To bypass a secure boot for System on Chip (SoC), some attacks target the phase of copying the bootloader from where it is stored to the main memory. Instead, a malicious code will be copied to the main memory. In that case, the bootloader which is the fisrt element of the chain of trust is not even booted. In such attacks, the whole secure boot mechanism is bypassed (see the paper [1] where the bootloader is stored in an external flash memory and the attack targets the action of coping the original first stage bootloder BL1 into the main memory).


Is successfully booting the bootloder (safely copied to the main memory) guarantees a successful secure boot process?

1: "Controlling PC on ARM using Fault Injection"

  • 1
    I probably misunderstood something. Why do you think only first part of secure boot chain matters?
    – domen
    Feb 4, 2020 at 11:53
  • @domen Actually I want to know if it is the most important part or not because if the first part of the secure boot is conducted, this tells that the secure boot process has started at least and that it was not bypassed from the beginning.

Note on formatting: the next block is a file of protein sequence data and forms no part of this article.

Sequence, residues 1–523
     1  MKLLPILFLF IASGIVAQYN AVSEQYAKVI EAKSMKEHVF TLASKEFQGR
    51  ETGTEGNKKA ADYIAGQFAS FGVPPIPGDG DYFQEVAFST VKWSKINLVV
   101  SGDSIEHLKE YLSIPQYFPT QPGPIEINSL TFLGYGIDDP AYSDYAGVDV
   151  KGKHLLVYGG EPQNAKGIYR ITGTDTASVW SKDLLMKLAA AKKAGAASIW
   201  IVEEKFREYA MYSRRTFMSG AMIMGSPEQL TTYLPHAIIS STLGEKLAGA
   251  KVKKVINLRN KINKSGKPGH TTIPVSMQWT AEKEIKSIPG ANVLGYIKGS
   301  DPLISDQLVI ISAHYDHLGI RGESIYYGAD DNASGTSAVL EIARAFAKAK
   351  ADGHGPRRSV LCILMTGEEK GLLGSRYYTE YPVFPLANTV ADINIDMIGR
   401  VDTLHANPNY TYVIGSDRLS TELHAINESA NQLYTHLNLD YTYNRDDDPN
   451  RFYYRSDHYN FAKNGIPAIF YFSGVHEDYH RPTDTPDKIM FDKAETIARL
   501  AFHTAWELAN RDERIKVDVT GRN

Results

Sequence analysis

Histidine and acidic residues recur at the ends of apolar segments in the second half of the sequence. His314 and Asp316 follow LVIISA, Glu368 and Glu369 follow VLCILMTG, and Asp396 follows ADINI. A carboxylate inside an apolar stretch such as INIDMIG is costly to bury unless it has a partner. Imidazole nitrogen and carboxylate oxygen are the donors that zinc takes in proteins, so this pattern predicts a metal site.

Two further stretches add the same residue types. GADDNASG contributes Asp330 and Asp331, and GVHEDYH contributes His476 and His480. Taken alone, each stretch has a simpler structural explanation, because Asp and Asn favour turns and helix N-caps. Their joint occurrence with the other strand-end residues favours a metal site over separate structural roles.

– Lavender
    Feb 4, 2020 at 21:44
  • 1
    Chain is a strong as its weakest link. holds here too. If attackers goal is to load untrusted binaries, then bypassing any part of chain would do. It might be more valuable to bypass early, as it might give ability to code executed with higher privileges. It depends on design and what threats were considered.
    – domen
    Feb 5, 2020 at 9:16


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